- Lack of honesty: Every open dialogue becomes impossible and a productive result is highly unlikely.
Luckily, there are a number of tools and methods that companies use to avoid these pitfalls. Let’s have a look at some examples:
- The Red Card game
Make your colleagues (and yourself) more aware of the Dialogue Dynamic by making a “red card” available during meetings. When somebody draws a red card, this means that they feel like somebody is obstructing the dialogue. Of course, be sure to frame this game to avoid misplaced humour or overuse of the card. With proper use, this will have a positive impact on your company’s dialogues and will make them more authentic.
- Ban all “Yes, But’s”
It’s common knowledge that a “Yes, but”, actually means “No”. Encourage therefore your colleagues to use the expression “Yes,and” instead. This will allow them to instead build and develop a solution or proposition. Try it out and you’ll see how your meetings (and dialogues) will become much more efficient with a simple trick.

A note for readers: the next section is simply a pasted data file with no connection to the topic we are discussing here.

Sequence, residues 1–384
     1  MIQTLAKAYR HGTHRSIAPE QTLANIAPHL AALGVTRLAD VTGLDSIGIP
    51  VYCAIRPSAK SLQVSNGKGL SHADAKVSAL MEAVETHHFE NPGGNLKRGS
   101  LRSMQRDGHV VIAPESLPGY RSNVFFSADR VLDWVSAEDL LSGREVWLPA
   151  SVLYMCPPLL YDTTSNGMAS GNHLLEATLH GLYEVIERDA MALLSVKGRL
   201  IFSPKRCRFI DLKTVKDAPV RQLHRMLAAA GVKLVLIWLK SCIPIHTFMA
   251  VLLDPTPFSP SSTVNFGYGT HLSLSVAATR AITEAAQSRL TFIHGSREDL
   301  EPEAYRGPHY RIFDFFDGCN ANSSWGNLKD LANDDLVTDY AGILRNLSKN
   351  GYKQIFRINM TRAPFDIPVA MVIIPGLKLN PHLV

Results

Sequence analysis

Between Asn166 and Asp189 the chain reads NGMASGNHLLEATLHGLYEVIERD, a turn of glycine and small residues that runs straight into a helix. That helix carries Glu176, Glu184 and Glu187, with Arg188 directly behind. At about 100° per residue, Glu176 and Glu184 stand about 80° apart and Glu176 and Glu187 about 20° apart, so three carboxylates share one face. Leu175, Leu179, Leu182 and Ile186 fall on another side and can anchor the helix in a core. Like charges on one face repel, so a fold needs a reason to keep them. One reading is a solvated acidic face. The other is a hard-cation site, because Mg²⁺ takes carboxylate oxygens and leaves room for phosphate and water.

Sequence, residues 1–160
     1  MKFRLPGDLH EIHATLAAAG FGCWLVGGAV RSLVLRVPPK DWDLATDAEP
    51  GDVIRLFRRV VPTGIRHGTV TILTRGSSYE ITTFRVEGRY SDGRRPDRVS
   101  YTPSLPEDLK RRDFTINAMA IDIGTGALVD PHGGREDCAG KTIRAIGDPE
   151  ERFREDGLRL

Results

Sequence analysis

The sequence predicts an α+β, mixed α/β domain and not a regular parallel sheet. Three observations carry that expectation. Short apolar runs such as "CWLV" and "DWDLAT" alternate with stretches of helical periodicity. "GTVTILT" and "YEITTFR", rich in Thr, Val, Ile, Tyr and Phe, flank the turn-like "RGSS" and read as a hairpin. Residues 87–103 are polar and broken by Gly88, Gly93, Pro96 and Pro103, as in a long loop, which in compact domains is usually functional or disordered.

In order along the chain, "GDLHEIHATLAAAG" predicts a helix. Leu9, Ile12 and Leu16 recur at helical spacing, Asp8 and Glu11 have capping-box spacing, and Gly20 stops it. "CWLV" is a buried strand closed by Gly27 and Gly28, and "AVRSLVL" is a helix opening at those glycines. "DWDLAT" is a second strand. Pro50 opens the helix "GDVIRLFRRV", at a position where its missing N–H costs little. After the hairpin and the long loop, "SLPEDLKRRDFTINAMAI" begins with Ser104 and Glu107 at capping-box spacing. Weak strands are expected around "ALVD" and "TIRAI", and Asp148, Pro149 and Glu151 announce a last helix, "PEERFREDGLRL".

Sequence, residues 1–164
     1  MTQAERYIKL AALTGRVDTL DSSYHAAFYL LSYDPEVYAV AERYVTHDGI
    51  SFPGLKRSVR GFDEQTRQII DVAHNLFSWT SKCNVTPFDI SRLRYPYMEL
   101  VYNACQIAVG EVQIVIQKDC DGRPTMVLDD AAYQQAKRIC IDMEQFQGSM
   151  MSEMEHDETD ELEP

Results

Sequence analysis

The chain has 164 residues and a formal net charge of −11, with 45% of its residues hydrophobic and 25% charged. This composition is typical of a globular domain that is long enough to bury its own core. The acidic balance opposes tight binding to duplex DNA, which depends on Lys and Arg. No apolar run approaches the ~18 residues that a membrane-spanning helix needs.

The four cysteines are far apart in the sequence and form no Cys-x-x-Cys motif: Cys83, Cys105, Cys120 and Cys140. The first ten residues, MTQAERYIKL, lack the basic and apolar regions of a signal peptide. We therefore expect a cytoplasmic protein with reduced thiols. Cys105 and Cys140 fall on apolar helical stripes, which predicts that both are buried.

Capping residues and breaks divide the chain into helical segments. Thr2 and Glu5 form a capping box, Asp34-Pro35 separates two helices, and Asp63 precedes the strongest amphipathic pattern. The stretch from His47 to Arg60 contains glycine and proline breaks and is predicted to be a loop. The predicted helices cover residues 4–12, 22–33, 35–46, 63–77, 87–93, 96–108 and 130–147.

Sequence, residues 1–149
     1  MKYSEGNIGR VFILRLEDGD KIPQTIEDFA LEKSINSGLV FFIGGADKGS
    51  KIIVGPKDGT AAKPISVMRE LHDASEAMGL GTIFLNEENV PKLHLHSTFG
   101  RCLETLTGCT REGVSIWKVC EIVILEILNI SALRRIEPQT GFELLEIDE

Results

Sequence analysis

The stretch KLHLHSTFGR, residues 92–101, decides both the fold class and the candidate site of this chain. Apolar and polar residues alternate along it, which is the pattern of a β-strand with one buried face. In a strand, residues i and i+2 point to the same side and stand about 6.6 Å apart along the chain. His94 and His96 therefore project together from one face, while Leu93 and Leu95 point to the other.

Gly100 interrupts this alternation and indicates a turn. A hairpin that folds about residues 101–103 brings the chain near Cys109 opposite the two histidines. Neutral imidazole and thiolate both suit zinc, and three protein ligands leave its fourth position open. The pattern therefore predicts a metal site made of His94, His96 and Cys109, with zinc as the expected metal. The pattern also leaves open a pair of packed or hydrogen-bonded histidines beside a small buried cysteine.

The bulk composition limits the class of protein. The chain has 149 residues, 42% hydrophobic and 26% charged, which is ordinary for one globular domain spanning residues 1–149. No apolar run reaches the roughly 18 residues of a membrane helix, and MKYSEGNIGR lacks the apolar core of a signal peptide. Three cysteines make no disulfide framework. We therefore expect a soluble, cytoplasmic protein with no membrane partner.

- The Four Phrase Rule
Less is more! Ask your colleagues (and yourself) to follow the following rule: everything they want to say, needs to be said in a maximum of four phrases. These four phrases should suffice to say what they think and what they want to convey as a message.
The metaphor of putting the fish on the table
George Kohlrieser was a hostage negotiator for a good part of his life. It was he who developed the metaphor of putting the fish on the table, which has already been used by a large number of companies of all sizes and sectors.
It works as follows: Immerse yourself in your professional environment and imagine that “the fish” is a representation of “your problem”. What happens if you decide — in a conscious or unconscious way — to hide the fish under the table? Of course, it won’t disappear. And even worse, the more you wait, the more your fish will start to rot and smell bad.